Governor Borges: One of the things that we needed to change is the way that we coordinate this activity. Following advice from Big Win and FDC, we now know that we need to set up a COPSAN (Provincial Council for Food Security and Nutrition). Along with the social movement, this will provide momentum for our stunting reduction efforts. We also need to bring partners on board. We are speaking with a range of donors and partners about covering 10 priority districts. We are building the sustainable infrastructure for this effort so that hopefully we can say in a few years’ time that the stunting rate has fallen all over the Province and not only in the 10 Districts.
Big Win: Nampula is very much a demonstration province, not only for the country, but also for the region. What advice would you give to leaders in other regions and other countries looking to implement such a cross-sectorial initiative?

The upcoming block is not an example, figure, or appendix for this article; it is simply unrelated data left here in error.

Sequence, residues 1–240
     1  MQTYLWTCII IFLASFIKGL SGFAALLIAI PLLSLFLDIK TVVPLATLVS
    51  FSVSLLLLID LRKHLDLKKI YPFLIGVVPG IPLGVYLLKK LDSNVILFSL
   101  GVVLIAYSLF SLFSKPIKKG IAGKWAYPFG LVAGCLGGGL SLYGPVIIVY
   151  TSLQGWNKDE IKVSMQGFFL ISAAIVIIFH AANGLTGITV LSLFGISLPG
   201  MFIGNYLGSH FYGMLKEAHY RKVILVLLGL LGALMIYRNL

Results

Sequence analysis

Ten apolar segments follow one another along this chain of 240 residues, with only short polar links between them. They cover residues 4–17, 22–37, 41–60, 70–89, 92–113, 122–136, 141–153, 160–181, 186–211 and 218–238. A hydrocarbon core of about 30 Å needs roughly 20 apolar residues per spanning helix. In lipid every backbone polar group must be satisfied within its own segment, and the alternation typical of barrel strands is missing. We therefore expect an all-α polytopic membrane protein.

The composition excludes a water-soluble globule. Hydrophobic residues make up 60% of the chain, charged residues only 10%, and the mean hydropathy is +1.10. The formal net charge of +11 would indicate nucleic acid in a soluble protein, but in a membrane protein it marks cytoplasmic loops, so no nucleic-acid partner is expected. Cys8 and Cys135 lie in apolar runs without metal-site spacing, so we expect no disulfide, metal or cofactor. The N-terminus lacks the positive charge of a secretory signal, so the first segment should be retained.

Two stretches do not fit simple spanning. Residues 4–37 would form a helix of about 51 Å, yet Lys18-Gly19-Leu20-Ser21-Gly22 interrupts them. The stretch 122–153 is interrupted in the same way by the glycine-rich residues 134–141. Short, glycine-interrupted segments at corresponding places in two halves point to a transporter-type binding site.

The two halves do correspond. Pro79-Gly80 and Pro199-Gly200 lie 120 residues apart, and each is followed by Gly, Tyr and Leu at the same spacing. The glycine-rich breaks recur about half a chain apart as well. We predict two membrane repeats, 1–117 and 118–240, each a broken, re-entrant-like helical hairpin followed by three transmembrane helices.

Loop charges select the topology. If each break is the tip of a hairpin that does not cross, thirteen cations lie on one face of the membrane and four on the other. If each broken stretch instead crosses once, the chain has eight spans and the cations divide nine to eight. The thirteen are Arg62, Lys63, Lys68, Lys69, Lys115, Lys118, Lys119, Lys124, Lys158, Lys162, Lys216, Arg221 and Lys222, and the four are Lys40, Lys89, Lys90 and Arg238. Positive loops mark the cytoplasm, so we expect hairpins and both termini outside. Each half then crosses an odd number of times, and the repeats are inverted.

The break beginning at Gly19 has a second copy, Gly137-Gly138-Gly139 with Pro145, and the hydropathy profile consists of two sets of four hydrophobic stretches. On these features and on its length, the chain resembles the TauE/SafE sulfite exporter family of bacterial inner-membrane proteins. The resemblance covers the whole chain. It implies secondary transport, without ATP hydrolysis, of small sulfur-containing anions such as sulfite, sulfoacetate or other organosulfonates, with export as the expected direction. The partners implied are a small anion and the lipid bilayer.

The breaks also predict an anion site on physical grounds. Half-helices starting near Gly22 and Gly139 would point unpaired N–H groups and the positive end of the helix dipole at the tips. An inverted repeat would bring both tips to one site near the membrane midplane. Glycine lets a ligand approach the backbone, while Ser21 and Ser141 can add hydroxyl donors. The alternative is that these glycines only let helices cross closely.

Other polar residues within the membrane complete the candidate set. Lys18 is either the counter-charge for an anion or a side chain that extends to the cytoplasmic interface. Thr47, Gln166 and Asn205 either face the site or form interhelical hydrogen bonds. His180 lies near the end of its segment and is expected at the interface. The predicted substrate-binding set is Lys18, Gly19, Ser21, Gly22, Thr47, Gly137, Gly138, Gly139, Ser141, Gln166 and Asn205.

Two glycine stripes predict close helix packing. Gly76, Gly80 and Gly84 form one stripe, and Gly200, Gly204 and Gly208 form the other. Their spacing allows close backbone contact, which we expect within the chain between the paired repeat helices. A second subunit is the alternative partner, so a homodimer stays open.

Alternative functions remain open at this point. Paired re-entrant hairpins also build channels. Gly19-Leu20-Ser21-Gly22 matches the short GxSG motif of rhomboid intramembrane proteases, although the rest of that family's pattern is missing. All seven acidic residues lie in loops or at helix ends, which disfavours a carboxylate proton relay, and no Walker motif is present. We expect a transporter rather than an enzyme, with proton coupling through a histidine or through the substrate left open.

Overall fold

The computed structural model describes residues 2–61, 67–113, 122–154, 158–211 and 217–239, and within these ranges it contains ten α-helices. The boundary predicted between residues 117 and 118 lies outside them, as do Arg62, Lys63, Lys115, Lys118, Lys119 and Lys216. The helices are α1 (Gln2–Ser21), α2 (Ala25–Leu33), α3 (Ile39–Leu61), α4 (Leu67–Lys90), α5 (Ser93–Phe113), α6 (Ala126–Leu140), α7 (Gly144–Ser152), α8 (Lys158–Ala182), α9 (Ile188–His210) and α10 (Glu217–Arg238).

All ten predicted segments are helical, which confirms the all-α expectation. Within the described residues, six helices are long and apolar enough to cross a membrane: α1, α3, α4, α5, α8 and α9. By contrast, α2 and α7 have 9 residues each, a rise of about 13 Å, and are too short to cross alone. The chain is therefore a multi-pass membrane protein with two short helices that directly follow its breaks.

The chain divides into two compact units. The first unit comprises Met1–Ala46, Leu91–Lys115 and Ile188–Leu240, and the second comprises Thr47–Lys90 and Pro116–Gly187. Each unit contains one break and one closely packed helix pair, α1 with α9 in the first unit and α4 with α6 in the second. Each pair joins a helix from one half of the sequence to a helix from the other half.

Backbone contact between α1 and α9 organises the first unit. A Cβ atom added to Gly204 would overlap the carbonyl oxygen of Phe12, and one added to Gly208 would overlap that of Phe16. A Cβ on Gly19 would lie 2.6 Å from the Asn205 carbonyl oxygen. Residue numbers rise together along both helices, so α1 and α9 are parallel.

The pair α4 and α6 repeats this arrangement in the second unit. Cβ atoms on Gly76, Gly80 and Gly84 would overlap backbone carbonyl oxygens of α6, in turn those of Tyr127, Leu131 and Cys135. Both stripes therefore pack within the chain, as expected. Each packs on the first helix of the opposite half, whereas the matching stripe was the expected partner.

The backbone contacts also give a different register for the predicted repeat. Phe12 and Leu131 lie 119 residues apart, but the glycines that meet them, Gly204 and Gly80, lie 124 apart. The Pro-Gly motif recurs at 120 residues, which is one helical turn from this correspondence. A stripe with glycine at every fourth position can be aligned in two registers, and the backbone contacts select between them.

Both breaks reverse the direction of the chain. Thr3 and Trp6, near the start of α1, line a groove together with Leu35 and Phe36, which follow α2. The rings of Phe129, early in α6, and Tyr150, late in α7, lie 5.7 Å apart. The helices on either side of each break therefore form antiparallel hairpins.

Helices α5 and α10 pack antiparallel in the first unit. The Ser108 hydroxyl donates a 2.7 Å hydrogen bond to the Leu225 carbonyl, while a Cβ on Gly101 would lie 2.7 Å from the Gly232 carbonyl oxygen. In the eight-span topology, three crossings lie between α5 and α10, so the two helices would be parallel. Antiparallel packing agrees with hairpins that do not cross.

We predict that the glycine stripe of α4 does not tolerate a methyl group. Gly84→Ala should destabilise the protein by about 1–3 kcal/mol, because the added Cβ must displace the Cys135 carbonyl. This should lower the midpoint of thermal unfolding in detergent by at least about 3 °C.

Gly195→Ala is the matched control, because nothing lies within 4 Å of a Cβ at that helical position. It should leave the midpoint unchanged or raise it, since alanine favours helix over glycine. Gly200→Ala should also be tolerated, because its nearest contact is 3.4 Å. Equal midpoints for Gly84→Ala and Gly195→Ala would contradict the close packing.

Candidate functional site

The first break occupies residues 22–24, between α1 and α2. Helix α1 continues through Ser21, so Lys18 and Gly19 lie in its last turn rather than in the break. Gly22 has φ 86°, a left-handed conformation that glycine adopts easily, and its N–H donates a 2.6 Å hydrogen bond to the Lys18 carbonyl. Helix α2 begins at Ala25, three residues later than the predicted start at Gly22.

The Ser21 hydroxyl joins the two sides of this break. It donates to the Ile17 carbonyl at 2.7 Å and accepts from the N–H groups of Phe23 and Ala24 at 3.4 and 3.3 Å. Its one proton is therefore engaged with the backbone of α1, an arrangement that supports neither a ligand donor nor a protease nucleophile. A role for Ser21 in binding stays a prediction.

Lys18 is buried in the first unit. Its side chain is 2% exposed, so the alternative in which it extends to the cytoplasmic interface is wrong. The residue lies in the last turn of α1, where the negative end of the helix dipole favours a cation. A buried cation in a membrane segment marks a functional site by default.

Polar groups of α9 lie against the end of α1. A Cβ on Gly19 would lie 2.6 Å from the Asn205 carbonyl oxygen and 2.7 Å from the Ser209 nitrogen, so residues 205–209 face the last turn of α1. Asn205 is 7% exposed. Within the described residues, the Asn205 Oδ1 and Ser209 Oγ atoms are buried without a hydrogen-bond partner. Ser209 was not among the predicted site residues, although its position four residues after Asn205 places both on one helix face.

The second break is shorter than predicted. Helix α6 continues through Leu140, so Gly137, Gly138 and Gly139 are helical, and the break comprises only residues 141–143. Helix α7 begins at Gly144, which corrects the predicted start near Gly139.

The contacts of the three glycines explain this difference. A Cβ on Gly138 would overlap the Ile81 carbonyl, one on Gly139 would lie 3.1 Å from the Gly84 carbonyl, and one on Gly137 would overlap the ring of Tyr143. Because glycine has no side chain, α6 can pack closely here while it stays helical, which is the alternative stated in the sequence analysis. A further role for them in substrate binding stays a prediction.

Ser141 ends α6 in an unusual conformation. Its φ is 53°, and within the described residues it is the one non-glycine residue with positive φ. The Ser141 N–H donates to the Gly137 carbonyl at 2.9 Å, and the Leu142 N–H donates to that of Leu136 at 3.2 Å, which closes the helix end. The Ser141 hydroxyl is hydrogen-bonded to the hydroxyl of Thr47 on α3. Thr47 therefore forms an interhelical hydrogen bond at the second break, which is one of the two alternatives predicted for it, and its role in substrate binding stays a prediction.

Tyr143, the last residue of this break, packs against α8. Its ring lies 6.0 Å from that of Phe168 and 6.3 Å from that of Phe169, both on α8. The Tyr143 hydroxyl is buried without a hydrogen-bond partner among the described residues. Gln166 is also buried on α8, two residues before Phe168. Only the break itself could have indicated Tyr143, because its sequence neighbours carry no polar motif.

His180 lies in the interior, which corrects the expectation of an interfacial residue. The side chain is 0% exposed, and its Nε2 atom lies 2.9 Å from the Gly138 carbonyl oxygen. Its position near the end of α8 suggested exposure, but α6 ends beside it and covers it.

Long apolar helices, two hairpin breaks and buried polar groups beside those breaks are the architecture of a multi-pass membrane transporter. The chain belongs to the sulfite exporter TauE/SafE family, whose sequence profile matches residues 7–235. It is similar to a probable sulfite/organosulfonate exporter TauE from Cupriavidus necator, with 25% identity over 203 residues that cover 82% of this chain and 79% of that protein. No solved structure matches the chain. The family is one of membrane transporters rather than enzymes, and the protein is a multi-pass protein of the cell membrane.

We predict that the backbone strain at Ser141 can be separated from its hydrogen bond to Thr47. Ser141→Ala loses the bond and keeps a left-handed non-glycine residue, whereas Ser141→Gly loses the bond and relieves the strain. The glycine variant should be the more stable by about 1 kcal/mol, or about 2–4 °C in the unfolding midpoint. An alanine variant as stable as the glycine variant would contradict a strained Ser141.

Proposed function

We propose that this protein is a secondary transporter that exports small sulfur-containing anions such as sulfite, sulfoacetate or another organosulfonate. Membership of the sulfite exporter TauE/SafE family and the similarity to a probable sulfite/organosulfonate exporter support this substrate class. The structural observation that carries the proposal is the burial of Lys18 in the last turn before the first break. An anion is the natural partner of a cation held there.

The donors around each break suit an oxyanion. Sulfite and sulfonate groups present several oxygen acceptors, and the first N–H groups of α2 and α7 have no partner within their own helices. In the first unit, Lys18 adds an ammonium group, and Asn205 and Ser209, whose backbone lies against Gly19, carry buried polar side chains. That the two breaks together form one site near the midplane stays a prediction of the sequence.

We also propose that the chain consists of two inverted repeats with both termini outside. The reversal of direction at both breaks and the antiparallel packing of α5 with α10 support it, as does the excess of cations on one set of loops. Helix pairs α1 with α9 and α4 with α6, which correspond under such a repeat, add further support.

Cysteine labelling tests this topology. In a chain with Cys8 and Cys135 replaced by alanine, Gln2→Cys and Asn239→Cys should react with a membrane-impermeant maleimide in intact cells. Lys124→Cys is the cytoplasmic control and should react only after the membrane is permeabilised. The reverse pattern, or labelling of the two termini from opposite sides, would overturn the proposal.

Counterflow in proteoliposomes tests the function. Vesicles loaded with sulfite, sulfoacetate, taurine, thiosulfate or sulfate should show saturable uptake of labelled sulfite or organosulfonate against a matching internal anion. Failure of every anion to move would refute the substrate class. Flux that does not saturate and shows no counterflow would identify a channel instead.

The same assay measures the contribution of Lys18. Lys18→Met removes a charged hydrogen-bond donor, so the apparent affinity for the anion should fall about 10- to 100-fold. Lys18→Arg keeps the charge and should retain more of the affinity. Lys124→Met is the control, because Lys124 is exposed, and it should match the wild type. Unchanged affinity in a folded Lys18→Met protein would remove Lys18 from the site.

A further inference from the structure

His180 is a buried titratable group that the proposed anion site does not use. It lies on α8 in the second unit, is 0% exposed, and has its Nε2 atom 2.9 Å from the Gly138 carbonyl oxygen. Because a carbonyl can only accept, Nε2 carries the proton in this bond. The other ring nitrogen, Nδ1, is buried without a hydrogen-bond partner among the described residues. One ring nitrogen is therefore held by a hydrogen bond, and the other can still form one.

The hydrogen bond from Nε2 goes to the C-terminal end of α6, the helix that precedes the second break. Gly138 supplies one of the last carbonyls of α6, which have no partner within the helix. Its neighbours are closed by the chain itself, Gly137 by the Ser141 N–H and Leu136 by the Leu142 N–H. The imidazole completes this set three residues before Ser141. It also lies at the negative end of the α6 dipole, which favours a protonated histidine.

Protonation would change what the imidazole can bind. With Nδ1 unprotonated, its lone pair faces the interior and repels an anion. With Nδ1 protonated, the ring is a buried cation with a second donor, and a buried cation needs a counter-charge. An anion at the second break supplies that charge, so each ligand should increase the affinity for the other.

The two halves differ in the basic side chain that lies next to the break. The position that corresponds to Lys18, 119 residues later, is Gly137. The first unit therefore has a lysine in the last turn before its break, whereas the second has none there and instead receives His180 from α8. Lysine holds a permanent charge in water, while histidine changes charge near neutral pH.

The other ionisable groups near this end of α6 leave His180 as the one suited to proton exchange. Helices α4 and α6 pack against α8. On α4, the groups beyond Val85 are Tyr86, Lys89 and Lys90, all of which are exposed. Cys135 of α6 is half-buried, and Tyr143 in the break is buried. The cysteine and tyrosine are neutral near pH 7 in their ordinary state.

Governor Borges: Look at why you have been chosen as leaders and prioritize actions and activities that benefit the people and their households. Set targets and plans to achieve those targets. Make it clear where you are going and bring in government and community partners to help you achieve your objectives.
Stunting is a very important issue. People suffering from stunting perform badly in school, in employment, and across every area of their lives. We will compromise a generation if we don’t fight stunting. Just as our parents took good care of us, let us do the same for the next generation.
Big Win: What role has Big Win and FDC support played towards this process?